Author: Greg MacLeman
News broke this week that Aston Martin is set to build a limited production run of continuation Lightweight DB4GTs and, rather than get me excited, the announcement left me worried that history may be repeating.
Of course, building replicas of once great cars is nothing new – kit car manufacturers and shed-bound amateur engineers have been doing it for decades – but when mainstream marques get in on the act, it all starts to make me a bit nervous.
Aston Martin was one of the first firms to get in on the act back in the late 1980s. The booming market and sky-high values of the rarest classics, such as the DB4GT Zagato, resulted in a dilemma for those wanting to cash in on the unprecedented demand for a finite resource. The solution, it seemed, was simple: build more cars and differentiate them from other replicas by giving them the rubber stamp of approval from the factory. Enter the Sanction II Zagato, and later, Sanction III.
Around the same time, Alfa Romeo also lent its backing to recreations of its more desirable post-war model, the 33 Stradale, which were expertly built by Giovanni Gioranengo.
Both models immediately preceded the collapse of the market in the early 1990's, when rampant investment over inflated prices to a point that could no longer be supported.
It all kicked off again in 2014, when Jaguar decided to build six new Lightweight E-types to finish its original 18-car intended production run. Each car cost £1m and quickly sold out, recently prompting the firm to turn its attention to the XKSS, which had its original production run curtailed by the fire at Browns Lane. Lister got in on the act, too, with its more affordable Knobbly recreations, and has recently announced its intention to revive the 1950's Costin.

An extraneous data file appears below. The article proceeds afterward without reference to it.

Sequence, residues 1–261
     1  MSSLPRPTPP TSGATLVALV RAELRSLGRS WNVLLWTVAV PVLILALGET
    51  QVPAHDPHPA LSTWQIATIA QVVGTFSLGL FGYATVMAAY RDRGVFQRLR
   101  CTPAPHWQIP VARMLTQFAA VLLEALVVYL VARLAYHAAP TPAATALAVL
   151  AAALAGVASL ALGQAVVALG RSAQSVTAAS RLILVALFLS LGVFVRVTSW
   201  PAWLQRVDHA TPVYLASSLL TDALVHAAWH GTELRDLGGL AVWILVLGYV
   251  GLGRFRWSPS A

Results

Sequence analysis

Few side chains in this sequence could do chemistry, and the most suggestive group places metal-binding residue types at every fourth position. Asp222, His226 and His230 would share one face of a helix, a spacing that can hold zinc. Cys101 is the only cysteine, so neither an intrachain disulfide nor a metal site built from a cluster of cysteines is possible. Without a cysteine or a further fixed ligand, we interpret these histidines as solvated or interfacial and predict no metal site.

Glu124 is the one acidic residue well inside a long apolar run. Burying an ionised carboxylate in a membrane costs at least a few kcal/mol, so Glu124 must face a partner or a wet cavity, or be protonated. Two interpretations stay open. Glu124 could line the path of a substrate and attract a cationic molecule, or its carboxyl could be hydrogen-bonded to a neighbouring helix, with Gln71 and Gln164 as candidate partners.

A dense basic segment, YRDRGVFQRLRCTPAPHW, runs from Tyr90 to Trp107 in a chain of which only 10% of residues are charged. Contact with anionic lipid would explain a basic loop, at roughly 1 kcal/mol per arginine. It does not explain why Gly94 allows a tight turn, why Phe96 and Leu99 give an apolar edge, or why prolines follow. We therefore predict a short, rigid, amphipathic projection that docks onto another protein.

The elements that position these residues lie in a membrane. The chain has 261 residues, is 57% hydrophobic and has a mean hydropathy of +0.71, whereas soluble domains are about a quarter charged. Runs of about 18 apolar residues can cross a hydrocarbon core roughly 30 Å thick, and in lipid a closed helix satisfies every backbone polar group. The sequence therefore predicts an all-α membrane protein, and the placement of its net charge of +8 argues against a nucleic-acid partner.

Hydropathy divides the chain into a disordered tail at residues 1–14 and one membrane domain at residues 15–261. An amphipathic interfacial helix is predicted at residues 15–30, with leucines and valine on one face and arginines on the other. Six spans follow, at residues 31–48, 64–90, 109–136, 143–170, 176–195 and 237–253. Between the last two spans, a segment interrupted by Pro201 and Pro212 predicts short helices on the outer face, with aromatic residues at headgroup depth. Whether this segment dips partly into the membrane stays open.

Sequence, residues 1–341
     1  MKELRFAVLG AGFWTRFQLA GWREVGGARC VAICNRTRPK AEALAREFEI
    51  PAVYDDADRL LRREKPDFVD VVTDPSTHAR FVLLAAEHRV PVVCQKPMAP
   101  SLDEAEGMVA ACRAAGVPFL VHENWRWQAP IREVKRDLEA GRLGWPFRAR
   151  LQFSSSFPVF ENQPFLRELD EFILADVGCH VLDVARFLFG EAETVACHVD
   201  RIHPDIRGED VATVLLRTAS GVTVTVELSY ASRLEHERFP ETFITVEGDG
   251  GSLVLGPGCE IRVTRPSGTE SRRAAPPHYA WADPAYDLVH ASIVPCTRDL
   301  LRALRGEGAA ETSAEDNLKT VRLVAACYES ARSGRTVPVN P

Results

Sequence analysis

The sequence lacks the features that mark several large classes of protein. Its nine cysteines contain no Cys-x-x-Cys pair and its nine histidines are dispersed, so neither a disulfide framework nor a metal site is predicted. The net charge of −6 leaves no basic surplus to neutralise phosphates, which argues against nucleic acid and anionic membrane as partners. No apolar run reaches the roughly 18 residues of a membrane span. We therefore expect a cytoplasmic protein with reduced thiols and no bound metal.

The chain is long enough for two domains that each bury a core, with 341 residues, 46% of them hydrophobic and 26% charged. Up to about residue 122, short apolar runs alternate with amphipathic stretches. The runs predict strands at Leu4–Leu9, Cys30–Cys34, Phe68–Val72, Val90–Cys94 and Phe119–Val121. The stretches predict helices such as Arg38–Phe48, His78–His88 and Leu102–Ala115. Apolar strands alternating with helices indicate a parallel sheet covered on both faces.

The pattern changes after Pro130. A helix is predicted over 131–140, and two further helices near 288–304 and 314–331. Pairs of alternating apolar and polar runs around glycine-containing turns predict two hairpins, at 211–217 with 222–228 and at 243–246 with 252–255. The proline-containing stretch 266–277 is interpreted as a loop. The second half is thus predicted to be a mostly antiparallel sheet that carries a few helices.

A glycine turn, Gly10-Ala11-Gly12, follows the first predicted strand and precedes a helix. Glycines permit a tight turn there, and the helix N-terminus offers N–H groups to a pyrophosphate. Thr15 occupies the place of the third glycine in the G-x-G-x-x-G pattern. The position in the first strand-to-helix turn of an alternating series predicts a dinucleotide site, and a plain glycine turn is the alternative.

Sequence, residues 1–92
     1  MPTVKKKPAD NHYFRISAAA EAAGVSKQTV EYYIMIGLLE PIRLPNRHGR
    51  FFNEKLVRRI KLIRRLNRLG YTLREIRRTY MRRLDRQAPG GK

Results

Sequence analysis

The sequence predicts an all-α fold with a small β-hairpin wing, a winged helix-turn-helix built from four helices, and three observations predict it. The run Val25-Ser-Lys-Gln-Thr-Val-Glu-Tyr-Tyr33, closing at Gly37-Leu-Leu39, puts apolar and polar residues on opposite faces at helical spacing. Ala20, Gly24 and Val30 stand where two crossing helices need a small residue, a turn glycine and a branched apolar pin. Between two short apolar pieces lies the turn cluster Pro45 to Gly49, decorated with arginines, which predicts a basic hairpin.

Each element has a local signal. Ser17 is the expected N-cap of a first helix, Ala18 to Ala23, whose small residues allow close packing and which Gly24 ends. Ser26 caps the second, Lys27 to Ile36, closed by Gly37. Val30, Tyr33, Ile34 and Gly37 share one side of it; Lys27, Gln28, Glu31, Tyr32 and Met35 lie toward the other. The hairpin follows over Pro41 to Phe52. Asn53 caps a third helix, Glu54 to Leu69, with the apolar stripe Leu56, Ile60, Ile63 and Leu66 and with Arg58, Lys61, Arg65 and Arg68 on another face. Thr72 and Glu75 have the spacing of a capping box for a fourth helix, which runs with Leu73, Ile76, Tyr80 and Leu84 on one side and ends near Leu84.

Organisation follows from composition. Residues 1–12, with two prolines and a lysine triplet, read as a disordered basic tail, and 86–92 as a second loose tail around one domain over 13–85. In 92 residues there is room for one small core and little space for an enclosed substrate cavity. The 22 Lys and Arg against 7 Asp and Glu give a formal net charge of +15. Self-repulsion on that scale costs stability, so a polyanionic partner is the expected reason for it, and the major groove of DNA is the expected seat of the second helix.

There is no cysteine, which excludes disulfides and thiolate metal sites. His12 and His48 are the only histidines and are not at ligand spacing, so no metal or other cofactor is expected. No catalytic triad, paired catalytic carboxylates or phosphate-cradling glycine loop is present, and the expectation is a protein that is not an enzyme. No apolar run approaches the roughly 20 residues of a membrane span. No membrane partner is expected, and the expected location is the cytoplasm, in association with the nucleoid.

The latest firm to enter the fray (once again) is Aston Martin, which this week unveiled plans to build 25 new DB4GTs with a staggering asking price of £1.5m each. And it feels like a bridge too far.
Jaguar’s Lightweight E-type and XKSS continuations number just 15 cars, each costing £1m. With both models impossibly rare and opportunities to buy an original so few and far between, getting the next best thing for one tenth of the price can just about be rationalized.
But to pay £1.5m for an imitation DB4GT – one of a bloated 25-car production run – when the genuine article can be bought for around £3m just doesn’t make sense.
You won’t see any of these cars race at Goodwood thanks to a firm stance from Lord March, and they won’t be drivable on the road either – at least not in this country. That leaves the potential market limited to those who take part in the odd track day excursion or – more likely – those who squirrel the cars away in the hope of turning a quick buck. Just like they did 25 years ago.
Against a backdrop of faltering auction sales rates and a general cooling of the market, it’s left me wondering if we could be approaching another significant moment in the life cycle of the classic car economy.